In this article, I will present a series of questions that health care organizations should ask their IT service providers to address before providing such service providers with identifiable patient health information in electronic format (electronic patient health information or ePHI).
1. Do you encrypt electronic patient health information in-motion, at rest, or both?
There should be two parts to this answer: in-motion and at-rest. Encryption of electronic patient health information “in-motion” means that data is protected against eavesdropping on untrusted networks – think of a physician reviewing a patient’s lab results on their smartphone while getting afternoon coffee down the street. If the service provider doesn’t encrypt transmissions of the data, then someone else using the coffee shop’s network may also be able to review the patient’s lab results. Service providers should also offer encryption of data at rest, although interoperability limitations can sometimes make this practice infeasible.
2. When did you last test your business continuity and disaster recovery plans?
Not only does your service provider need business continuity and disaster recovery plans, you need to know they work as designed. Many organizations go through the process of planning for service interruptions, but then wait until a real emergency rises to “test” them. Needless to say, these plans often do not work, leaving customers waiting on erratic and unpredictable updates. Your business can’t tolerate poor planning, and neither can your patients.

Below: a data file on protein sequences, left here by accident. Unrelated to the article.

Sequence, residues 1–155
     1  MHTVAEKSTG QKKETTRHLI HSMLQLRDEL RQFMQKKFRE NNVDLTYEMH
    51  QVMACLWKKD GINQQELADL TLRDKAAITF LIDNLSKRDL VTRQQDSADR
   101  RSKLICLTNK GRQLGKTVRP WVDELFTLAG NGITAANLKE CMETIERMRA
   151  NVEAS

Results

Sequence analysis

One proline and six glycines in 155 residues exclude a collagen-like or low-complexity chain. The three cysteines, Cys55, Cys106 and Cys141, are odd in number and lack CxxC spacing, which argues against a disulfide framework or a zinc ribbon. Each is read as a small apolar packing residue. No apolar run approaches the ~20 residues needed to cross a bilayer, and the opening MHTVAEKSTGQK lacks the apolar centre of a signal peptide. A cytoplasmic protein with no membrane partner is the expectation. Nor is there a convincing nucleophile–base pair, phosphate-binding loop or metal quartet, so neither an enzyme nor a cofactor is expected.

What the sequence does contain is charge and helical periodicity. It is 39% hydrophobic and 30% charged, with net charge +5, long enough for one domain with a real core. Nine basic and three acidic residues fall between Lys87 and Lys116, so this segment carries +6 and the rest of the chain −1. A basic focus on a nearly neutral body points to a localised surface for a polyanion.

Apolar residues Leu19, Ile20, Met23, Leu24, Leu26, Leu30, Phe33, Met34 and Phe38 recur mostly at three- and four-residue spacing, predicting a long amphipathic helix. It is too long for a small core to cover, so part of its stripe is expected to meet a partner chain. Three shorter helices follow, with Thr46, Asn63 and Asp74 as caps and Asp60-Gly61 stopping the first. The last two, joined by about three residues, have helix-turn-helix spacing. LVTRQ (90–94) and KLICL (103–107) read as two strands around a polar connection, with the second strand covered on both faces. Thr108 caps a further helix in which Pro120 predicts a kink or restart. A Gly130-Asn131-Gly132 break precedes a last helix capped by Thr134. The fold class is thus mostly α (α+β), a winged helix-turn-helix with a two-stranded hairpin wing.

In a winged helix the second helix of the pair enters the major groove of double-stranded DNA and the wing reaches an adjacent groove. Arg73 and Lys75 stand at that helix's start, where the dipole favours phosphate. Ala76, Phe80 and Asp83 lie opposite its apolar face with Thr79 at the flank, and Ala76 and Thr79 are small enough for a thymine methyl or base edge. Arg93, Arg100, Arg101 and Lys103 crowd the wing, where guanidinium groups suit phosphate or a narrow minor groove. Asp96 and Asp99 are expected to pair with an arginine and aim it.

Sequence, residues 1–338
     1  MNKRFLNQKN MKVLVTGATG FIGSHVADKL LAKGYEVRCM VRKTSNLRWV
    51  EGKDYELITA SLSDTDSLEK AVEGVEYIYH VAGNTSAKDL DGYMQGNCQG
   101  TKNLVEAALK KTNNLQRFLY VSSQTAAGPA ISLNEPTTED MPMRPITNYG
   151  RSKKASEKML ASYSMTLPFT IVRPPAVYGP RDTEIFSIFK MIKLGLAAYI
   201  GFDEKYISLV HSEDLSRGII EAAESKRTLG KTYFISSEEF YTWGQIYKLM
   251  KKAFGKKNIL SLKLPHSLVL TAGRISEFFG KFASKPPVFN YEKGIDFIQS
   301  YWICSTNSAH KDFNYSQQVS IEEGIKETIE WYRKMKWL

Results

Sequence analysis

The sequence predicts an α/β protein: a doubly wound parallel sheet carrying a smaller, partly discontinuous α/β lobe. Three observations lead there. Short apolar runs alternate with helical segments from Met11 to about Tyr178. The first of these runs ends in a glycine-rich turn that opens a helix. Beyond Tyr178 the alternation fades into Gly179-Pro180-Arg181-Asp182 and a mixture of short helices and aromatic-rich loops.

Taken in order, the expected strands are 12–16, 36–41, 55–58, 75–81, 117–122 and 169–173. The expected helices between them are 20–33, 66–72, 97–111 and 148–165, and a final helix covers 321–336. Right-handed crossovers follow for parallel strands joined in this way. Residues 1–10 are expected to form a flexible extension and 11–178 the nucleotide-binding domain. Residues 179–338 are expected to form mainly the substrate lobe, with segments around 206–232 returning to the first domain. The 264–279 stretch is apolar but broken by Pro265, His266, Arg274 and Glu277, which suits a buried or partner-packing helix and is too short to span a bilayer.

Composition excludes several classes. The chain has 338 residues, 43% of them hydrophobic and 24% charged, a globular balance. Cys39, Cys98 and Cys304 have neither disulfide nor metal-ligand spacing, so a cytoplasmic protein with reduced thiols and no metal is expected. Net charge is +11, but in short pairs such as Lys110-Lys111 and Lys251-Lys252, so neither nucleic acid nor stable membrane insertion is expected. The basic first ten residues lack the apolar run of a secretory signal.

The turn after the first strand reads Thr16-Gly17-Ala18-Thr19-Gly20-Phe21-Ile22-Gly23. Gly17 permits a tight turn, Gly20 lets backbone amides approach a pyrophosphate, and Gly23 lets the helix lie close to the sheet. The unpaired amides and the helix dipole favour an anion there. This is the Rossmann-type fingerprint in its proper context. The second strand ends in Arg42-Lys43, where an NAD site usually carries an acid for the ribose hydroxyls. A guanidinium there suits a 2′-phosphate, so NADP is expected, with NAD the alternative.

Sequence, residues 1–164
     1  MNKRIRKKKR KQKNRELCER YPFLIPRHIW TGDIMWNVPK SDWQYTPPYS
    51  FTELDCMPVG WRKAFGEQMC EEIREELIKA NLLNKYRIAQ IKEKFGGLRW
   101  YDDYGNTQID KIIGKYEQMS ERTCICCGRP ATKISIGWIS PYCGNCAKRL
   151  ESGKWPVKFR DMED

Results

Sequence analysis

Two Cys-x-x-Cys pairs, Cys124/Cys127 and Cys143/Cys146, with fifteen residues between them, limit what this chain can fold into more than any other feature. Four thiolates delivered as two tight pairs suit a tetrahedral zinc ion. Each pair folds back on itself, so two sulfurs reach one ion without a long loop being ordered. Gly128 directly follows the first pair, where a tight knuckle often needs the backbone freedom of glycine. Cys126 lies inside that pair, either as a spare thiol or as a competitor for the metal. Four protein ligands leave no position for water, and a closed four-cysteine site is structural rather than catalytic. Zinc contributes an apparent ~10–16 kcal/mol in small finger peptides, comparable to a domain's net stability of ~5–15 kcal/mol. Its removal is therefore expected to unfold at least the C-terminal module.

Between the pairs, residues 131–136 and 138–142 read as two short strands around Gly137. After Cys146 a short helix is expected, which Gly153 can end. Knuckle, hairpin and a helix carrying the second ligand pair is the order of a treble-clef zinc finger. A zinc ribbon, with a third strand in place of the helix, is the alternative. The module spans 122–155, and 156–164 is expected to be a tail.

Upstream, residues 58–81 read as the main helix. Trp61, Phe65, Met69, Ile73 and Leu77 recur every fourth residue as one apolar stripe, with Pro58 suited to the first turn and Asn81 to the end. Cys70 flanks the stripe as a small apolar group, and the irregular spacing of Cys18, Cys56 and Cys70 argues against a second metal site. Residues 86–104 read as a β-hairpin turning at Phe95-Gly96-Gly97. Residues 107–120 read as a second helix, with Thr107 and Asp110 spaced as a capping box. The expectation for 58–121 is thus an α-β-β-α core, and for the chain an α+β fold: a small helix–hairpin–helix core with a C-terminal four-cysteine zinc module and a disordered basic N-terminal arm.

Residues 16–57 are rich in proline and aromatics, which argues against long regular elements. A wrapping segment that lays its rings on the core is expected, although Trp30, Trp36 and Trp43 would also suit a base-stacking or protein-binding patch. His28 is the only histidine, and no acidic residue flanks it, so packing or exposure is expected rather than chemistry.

3. How do you dispose of electronic patient health information?
This is a point often overlooked since your service provider is focused on getting your business, not giving it up. A number of data breaches have occurred because the data was not properly discarded or disposed of. Your service provider should be able to identify how, when, and under what circumstances electronic patient health information is disposed of or destroyed.
4. How do you identify security breaches?
There’s an old joke in computer security that goes something like “Why use anti-virus? I’ve never been infected!” The punch line here is that the person’s computer is likely infected with hundreds of viruses and they just don’t know it. The same is true for any kind of electronic attack. Most attacks that may result in a data breach are silent and require effort to detect, so what is your service provider doing to identify them?
5. When is your next risk assessment?
Everything changes, and technology changes faster. The risks today are not the same as the risks of a year ago, and service providers must keep pace with changing threats and countermeasures. It is important to confirm that the service provider has a policy in place requiring the performance of regular risk assessments, and can document that it adheres to the required schedule.
6. Are you willing to sign a business associate agreement?
The response to these questions will give you an idea of whether the IT service provider is thinking about healthcare security, or if they’re just thinking of their services. The provider should also be able to produce some kind of evidence of routine audits, like SSAE 16 reports or PCI certification.